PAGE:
Porgie
3 / 5 (2) Aug 14, 2014
Key word here is large. Science and math should be taught in smaller chunks to allow better coverage of fundamentals and allow time for better understanding. Too often the basic "simple stuff" to the teacher is glossed over only to leave too many students stranded as they move to more complicated areas where the fundamentals need to be applied. IF necessary taking it over is not the disaster it once was. Colleges need to make money, and rushing through these things is one area to profit. 2 Semesters them summer off for many with substitutes in for the tenured? A poor system. When will the student begin to come first?
antialias_physorg
5 / 5 (3) Aug 15, 2014
Processes and methods are far easier to teach in a 'practical' environment (think "Laboratory")

I agree that the process can best be taught by applying it. But the theoretical knoweldge you need cannot be taught that way exclusivley (it would take way too long and is impossible in some cases - like math).
Lab work is expensive, and today most institutions don't have the money to provide more than the most cursory practical courses for students. They try to catch that with internships in the industry - but that setting is not conducive to scientific work.

I think this is one area where a little bit of investment in education systems would yield great benefits in terms of quality of graduates.
Osiris1
1 / 5 (1) Aug 17, 2014
Having been thru the educational system in many schools because I never had the money to go 'straight thru' and was too 'conservative' so hated to borrow money....I have kinda' seen it all! That said, one can never really teach physics without math except on a simple level like the density vs volume problem illustrated at the top. It takes a good stiff first semester course in calculus taught progressively and not 'randomly' in order to background an engineer/scientist student for a good physics college level physics course that contains concepts found in the calculus. I could go on about this a lot, but the bottom line is math skill. In any scientific discipline, there is no substitute for it.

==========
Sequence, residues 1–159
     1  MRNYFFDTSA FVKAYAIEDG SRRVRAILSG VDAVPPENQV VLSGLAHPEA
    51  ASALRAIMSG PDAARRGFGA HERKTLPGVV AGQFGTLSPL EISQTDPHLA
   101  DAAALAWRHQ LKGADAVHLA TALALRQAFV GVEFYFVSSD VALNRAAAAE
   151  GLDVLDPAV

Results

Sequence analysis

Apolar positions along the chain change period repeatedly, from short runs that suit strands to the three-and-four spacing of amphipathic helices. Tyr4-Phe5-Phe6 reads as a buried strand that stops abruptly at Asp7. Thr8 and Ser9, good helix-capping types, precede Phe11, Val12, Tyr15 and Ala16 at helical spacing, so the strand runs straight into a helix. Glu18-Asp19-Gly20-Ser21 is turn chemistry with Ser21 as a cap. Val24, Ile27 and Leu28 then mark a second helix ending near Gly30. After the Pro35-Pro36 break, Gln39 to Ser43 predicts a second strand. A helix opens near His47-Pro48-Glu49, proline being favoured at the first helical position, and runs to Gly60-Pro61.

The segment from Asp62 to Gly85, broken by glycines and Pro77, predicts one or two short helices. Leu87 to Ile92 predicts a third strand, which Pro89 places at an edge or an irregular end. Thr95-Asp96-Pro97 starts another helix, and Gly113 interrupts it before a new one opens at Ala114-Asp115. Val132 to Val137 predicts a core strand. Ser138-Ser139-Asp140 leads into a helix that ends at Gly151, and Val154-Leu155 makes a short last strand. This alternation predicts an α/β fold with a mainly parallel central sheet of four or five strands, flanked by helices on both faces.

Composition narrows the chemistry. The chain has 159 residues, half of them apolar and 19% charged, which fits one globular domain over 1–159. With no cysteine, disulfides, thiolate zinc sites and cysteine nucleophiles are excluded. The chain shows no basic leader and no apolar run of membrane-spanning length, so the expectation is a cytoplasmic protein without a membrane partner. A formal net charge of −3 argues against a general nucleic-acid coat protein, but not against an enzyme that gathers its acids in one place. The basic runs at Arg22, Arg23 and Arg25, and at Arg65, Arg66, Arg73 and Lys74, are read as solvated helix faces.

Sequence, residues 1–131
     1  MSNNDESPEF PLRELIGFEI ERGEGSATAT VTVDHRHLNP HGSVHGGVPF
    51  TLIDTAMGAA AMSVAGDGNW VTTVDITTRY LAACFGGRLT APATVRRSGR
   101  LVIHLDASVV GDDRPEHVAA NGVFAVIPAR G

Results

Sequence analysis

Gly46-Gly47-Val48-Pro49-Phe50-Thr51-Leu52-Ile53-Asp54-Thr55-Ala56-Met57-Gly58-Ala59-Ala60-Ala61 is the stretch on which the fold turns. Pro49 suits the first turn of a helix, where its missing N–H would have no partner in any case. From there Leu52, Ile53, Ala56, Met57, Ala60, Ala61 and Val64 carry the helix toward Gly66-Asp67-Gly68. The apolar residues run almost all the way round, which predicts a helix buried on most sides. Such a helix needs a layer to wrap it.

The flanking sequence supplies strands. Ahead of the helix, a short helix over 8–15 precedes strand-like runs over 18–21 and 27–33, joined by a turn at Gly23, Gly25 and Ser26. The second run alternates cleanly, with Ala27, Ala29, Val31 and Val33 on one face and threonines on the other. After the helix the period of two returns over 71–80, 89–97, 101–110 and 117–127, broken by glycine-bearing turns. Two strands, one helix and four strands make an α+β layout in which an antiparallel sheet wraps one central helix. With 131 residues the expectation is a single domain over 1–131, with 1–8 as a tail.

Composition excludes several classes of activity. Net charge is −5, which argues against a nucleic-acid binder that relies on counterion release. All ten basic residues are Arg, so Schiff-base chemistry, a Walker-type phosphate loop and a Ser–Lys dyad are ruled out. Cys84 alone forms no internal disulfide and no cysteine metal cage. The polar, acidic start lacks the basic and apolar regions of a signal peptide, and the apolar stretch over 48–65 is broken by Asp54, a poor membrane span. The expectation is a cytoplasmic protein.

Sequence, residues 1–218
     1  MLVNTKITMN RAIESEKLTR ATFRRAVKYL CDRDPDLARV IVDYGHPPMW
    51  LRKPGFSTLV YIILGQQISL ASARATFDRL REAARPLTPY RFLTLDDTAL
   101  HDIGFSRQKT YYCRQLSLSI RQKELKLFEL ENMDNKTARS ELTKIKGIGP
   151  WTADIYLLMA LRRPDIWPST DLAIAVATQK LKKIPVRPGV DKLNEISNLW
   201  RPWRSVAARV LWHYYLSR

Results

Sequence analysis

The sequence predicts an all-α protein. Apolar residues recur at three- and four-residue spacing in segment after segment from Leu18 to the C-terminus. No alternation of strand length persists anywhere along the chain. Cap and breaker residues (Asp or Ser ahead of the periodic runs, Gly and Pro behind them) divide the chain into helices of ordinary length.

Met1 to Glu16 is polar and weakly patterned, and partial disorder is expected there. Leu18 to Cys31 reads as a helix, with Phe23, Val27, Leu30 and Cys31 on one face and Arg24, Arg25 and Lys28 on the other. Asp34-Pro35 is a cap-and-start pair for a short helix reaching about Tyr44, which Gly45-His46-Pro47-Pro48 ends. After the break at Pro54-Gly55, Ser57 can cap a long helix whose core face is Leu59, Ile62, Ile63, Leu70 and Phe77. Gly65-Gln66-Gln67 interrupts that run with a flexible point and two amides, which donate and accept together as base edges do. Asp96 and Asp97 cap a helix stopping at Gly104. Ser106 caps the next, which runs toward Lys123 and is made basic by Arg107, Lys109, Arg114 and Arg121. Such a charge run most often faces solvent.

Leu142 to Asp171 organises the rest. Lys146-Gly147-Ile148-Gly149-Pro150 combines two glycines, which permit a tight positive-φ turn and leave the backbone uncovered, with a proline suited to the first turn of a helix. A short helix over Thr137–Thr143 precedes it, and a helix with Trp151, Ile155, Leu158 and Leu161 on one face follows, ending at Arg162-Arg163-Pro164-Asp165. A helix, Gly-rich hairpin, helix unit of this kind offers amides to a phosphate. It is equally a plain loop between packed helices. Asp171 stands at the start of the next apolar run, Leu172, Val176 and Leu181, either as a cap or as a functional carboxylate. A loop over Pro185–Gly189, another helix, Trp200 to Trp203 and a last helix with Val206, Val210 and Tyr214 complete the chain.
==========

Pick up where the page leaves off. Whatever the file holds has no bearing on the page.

Toiea
1 / 5 (1) Aug 17, 2014
In any scientific discipline, there is no substitute for it
The math skill is the matter of mathematical courses, no math will teach you the physics or any other particular science.
Can large introductory science courses teach students to learn effectively
Of course not, no large group activity can teach the people the very individual activity.
TechnoCreed
5 / 5 (2) Aug 17, 2014
Many kids think like you Zeph, but sadly for them, they patrol the streets with squeegees.
Toiea
1 / 5 (1) Aug 17, 2014
@TechnoCreed: The private schools with higher number of pupils per class are generally cheaper. Somewhat surprisingly, it doesn't apply to high schools and the consequences are undeniable: the contemporary students handle the mechanical stuffs which they can parrote with ease, but they didn't learn the individual and independent thinking. I'm dealing with products of contemporary educational system all the time here.
TechnoCreed
5 / 5 (3) Aug 17, 2014
the contemporary students handle the mechanical stuffs which they can parrote with ease, but they didn't learn the individual and independent thinking.
So what you are saying is that you have been home schooled? It would explain your peculiar view of science! It is sad for you because you do not seem to be unintelligent, but the lack of formal education shows. By the way, independent thinking is not something to be learned, it naturally happens in young adults and is a necessary step for success in post-secondary education... Having opinions does not mean forging your own laws of physics.